A few months ago, I posted about what real, everyday love looks like – in real life. One of the stories was too long to include so I told her I’d be giving it a full post of it’s own. Here’s Mary’s real-life love story.
At 21 I became a wife, 22 a mother, and 23 a college graduate. All I ever wanted was to work and make a difference. Life wasn’t going exactly how I expected but now I was ready to begin my dream and impact the world. I applied for teaching positions but in the early 80’s, jobs where hard to find. Desperate, I answered an add for a group home supervisor. I didn’t even know what a group home was much less have any experience. After weeks of pursuing this group home position. I was hired. A fellow employee later told me it was my good looking legs that landed me the job.
I was employed as a supervisor and then manager for over 10 years. In addition to managing 6 group homes I developed new homes and services for that company. The environment, however became increasingly more toxic. My unhappiness and concerns were evident at home. My husband, I thought, should have helped me make a decision to resign. Instead he encouraged me to stay. I was making a very good salary and we liked the income. I was not a quitter and was determined to handle the situation. Eventually, out of desperation, I began to pray. I wanted out but didn’t know how to leave.
God answered. One day I was called into my boss’s office and offered the option of continuing employment at a 50% reduction in my salary or taking a severance package. Sitting across from my supervisor, I was unable to catch my breath. It was as if I were falling from a 10 story building and no one was there to help me. Even then I knew God had heard and answered my prayer but I never anticipated it would be in the form of termination!
Eventually panic turned to despair and depression. I had given everything to my job and now I was humiliated, rejected and left with nothing; no plans, no ideas.
My husband suggested I start my own business; open my own group home. After months of preparation and pursuit, I was selected to provide a home for 4 men who lived at Fairbault Regional Treatment Center. They had severe disabilities and were in wheelchairs (a population with which I had no experience). I trained myself and volunteered at nursing homes to gain experience. My husband and I deleted our savings to purchase and furnish a home for these 4 men. Eventually my husband quit his job to work full time with me running our business.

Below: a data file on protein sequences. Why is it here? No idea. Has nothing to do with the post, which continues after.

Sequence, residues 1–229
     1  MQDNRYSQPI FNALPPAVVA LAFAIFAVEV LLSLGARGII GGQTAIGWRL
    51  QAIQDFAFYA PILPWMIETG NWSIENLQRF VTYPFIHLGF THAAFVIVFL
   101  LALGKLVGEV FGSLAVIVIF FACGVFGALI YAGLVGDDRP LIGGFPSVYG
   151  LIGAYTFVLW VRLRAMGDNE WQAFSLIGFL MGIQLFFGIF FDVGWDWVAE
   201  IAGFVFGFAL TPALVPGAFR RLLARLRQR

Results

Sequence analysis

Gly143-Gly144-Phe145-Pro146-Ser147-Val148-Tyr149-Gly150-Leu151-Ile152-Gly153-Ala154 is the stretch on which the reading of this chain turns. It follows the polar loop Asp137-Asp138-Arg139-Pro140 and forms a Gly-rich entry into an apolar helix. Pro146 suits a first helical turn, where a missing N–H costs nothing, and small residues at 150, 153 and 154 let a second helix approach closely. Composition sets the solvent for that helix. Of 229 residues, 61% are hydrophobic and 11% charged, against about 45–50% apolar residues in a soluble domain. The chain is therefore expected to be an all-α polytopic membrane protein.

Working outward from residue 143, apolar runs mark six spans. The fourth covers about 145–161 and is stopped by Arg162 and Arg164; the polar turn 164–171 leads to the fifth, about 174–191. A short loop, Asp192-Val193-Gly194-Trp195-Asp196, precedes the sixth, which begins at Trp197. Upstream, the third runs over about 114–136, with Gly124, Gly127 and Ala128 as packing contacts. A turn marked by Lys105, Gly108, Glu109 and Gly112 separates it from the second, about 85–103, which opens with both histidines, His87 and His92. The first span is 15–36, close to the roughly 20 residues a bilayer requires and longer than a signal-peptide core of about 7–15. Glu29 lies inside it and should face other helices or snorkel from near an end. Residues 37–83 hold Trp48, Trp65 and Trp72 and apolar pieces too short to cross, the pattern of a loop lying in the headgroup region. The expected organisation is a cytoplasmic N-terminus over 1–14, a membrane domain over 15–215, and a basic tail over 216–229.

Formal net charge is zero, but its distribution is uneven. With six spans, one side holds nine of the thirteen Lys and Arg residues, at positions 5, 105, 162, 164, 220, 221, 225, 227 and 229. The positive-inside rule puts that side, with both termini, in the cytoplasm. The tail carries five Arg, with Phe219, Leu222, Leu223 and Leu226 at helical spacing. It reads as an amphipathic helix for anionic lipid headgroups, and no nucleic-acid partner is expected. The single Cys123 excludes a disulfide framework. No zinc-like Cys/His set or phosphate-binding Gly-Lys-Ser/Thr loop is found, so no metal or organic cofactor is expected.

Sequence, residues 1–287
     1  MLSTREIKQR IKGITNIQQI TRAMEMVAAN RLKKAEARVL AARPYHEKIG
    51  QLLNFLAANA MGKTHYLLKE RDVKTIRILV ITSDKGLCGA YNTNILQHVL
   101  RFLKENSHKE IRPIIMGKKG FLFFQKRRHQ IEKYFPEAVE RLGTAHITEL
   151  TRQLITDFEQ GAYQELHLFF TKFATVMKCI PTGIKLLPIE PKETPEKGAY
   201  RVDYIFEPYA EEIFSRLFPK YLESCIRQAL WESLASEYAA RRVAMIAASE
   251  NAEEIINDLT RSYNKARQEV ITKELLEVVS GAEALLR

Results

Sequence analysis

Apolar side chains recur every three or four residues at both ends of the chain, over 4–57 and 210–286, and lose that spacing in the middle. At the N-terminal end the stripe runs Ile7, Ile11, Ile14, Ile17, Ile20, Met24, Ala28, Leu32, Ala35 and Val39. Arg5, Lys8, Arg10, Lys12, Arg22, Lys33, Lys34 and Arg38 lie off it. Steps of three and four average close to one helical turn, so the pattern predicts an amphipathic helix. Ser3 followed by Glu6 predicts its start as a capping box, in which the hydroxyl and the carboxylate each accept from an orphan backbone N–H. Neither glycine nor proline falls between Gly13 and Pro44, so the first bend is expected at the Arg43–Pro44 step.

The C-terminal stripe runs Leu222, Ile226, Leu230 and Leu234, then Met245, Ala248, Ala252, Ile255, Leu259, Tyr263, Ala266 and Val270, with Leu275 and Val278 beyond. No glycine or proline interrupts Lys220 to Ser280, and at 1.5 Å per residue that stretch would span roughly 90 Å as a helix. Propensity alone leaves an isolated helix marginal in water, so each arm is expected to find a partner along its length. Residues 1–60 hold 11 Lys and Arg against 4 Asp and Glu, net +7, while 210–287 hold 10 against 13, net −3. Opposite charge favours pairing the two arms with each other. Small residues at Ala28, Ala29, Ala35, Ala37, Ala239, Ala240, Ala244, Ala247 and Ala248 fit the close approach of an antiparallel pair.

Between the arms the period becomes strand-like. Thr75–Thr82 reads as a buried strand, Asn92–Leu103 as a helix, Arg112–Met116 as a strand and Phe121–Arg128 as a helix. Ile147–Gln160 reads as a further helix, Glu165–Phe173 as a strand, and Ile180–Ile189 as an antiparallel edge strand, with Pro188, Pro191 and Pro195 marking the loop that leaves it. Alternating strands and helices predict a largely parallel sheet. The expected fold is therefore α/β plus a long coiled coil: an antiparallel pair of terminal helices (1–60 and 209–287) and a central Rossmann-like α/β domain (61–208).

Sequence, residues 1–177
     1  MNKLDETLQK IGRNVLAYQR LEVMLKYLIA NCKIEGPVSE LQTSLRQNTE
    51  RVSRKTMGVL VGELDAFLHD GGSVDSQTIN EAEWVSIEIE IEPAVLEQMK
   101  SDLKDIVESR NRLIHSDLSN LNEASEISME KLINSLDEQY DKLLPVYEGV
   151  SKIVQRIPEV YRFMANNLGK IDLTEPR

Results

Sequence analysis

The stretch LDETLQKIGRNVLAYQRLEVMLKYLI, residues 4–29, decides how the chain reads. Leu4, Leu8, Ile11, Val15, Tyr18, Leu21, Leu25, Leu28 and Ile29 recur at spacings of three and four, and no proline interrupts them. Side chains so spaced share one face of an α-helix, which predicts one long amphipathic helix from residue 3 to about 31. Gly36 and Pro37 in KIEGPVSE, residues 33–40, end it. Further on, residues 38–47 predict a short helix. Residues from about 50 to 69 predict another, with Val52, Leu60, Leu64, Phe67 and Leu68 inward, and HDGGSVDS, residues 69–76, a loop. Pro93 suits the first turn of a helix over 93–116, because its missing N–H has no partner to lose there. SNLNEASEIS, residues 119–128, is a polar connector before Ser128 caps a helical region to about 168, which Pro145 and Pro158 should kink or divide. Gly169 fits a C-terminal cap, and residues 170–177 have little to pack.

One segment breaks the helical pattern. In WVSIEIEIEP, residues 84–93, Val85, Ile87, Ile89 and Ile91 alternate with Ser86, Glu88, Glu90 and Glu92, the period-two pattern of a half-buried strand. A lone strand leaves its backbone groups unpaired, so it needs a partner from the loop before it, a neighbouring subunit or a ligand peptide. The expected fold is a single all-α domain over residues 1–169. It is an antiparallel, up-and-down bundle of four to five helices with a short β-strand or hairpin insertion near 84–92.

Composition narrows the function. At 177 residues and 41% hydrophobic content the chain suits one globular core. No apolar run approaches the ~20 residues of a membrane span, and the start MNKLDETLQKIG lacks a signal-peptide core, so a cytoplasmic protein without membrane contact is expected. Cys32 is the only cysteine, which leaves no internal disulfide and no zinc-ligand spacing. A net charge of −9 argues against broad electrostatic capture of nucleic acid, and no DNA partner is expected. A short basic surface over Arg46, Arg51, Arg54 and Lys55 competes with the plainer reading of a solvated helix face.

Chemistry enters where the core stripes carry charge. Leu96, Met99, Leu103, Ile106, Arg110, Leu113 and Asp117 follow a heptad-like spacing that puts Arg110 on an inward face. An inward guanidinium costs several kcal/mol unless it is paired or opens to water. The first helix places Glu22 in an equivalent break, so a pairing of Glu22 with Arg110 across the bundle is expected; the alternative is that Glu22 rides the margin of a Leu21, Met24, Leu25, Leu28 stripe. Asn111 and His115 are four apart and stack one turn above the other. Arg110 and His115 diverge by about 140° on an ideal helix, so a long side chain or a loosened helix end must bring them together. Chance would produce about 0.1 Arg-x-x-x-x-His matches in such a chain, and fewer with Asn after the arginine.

Over the past 20 years our one home company grew to 2 then 6 and today we have 11 homes.. We serve 41 men and women in our homes and have over 80 employees. Our company is a leading provider with a strong reputation for caring and quality services. But running a business 24 hours a day, 7 days a week took a toll on my husband, myself and our marriage. Whether we had 1 home or 11, we dedicated our lives to providing the best care possible. This often meant living, breathing and sleeping group homes. After almost 30 years of serving people with disabilities, setting up group homes, hiring employees, training and retraining staff and management, I found myself exhausted.
About 2 years ago. my husband and I were in a little café listening to music. As I watched the musicians play and sing, I was consumed by one thought and desire. The more I ignored it the more it rose inside me. With tears streaming down my face I realized it was time for me to retire from my position. To leave the company I had invested my life creating. I had no plan. I just knew it was time.
The last song ended and my husband and I walked to our car. He was completely unaware of my thoughts and feelings. I was able to muster up the courage to ask him if I could tell him something. He cheerfully responded “sure.” Between tears and fears I blurted – “I want to retire.” The next moment was miraculous. My husband didn’t ask why or lecture me on how this was not going to work, what would he do, how could he run the company alone. He simply said “ok.”
I was the one who argued it was not possible. He assured me it was and we would make it happen. Weeks later my husband announced my retirement date to me. ” Your last day will be March 31.” Of course, I thought, fiscal year end. That’s my always practical accountant husband.
In a moment of saying “ok” my husband showed his total, complete, unselfish love for me. True love. As Christ loves the church kind of love. Each day I see him struggle with work and the many issues that arise. I think of the love he shows me through his gift of saying ‘ok’ and I’m so grateful.
Retired at 53.